This haunting political documentary starts off like Jackass and ends like Blair Witch. Three naive dudes with shaggy Southern Cali haircuts enter Uganda, knowing little about the extent of the country’s civil war miseries. On one side is the increasingly oppressive Yoweri Museveni (who ascended after Idi Amin and last year abolished presidential term limits), who battles against the Lord’s Resistance Army, led by Joseph Kony, a mystic who claims the spirits advise him to defend, kill and rape. Caught in between are Uganda’s children who, like their peers in Burundi, Cote d’Ivoire, the Democratic Republic of Congo, Rwanda, Sierra Leone, Somalia and Sudan, are forced to carry guns. Carrying cameras, the guys film their misadventures and increasing politicization as they graduate from tourists to activists. (And dabble in believing Kony’s powers, which include turning his enemy’s bullets into drops of water.) Their shaky and utterly real footage has already started an online and in-schools movement, and this year, the lads kicked off an edgy, grassroots tour that rolls up to the Temeku Cinemas for two free screenings this week. (Amy Nicholson)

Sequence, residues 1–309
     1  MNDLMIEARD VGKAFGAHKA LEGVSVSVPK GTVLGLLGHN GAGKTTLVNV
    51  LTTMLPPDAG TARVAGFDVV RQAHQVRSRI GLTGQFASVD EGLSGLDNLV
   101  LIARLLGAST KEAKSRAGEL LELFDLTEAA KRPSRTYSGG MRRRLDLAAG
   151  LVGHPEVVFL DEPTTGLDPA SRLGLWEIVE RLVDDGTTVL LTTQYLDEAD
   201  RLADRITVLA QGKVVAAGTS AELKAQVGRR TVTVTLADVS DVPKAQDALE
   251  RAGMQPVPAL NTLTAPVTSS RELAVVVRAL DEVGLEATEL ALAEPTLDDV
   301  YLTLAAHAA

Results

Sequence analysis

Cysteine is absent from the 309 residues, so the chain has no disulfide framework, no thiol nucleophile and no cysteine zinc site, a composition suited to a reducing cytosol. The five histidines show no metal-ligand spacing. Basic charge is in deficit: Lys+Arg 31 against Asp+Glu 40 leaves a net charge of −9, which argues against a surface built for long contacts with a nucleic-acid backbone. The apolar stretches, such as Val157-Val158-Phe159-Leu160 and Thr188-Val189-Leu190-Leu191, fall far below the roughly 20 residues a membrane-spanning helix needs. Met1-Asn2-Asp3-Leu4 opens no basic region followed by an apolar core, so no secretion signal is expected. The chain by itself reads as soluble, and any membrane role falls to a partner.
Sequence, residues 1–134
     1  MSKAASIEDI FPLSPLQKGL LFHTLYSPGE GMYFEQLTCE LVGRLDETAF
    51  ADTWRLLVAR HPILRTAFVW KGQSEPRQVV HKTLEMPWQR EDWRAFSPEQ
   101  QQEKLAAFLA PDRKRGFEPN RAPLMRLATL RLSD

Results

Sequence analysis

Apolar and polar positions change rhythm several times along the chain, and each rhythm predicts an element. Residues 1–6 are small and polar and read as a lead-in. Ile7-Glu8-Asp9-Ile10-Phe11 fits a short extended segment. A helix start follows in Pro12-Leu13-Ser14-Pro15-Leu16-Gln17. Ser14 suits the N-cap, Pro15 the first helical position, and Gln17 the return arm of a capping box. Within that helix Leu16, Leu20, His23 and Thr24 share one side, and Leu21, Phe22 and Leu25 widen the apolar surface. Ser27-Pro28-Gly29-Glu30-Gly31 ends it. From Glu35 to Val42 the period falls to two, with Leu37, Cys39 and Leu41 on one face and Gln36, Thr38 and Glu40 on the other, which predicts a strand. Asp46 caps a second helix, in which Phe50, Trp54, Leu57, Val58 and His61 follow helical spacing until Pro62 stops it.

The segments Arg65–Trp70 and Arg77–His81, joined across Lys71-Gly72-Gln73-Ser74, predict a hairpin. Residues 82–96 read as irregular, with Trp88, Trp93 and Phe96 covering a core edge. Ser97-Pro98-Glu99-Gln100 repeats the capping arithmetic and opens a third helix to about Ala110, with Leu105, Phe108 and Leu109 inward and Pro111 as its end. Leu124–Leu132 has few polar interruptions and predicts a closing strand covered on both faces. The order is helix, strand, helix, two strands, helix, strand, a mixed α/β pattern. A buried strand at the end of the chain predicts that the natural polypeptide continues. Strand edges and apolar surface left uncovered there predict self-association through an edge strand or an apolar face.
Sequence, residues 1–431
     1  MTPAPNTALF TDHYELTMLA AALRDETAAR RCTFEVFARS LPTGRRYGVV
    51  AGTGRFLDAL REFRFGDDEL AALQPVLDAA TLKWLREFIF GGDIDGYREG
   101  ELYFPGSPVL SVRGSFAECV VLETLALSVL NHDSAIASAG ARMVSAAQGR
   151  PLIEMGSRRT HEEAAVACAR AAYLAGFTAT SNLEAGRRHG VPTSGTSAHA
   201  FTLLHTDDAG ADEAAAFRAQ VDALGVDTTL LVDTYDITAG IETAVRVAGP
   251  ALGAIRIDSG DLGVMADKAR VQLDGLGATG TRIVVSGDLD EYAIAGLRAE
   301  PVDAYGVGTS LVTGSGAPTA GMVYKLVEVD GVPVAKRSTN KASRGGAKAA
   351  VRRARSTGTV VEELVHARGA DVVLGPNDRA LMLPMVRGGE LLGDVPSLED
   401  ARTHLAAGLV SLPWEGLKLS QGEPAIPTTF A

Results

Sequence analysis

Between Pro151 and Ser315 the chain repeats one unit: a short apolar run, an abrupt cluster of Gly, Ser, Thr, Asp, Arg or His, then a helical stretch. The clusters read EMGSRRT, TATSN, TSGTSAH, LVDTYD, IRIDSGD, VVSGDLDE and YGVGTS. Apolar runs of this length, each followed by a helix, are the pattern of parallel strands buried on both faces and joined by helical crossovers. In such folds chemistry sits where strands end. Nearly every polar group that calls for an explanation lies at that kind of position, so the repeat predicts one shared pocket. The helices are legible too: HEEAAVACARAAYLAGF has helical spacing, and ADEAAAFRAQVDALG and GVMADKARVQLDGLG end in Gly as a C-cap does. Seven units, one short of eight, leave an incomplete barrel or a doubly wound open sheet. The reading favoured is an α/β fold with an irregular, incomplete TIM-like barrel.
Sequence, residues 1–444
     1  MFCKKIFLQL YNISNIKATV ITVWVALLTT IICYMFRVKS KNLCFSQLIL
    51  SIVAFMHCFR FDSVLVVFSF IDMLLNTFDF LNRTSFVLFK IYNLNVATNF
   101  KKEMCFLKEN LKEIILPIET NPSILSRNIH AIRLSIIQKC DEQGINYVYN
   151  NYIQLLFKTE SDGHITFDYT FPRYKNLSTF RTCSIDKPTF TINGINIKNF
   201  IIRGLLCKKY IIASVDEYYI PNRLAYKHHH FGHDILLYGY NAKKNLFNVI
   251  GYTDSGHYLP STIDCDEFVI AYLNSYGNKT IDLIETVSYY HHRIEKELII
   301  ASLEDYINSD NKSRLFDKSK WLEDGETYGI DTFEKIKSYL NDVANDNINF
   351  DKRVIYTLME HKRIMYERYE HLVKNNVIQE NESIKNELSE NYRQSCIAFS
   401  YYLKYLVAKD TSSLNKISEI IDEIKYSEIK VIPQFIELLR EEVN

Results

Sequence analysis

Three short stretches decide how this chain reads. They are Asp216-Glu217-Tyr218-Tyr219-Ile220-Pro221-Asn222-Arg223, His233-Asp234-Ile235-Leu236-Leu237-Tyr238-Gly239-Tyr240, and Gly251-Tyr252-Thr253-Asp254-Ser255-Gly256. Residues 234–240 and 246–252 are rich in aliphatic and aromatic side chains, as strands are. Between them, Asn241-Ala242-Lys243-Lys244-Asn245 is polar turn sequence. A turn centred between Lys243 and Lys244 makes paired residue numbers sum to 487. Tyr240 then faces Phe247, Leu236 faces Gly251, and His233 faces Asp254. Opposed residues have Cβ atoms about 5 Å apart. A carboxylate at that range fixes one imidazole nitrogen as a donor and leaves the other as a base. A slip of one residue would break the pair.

Invisible Children screens at Temeku Cinemas, 26463 Ynez Rd., Temecula. www.temekucinemas.com; www.invisiblechildren.com. Wed.-Thurs., March 8, 7 p.m. Free.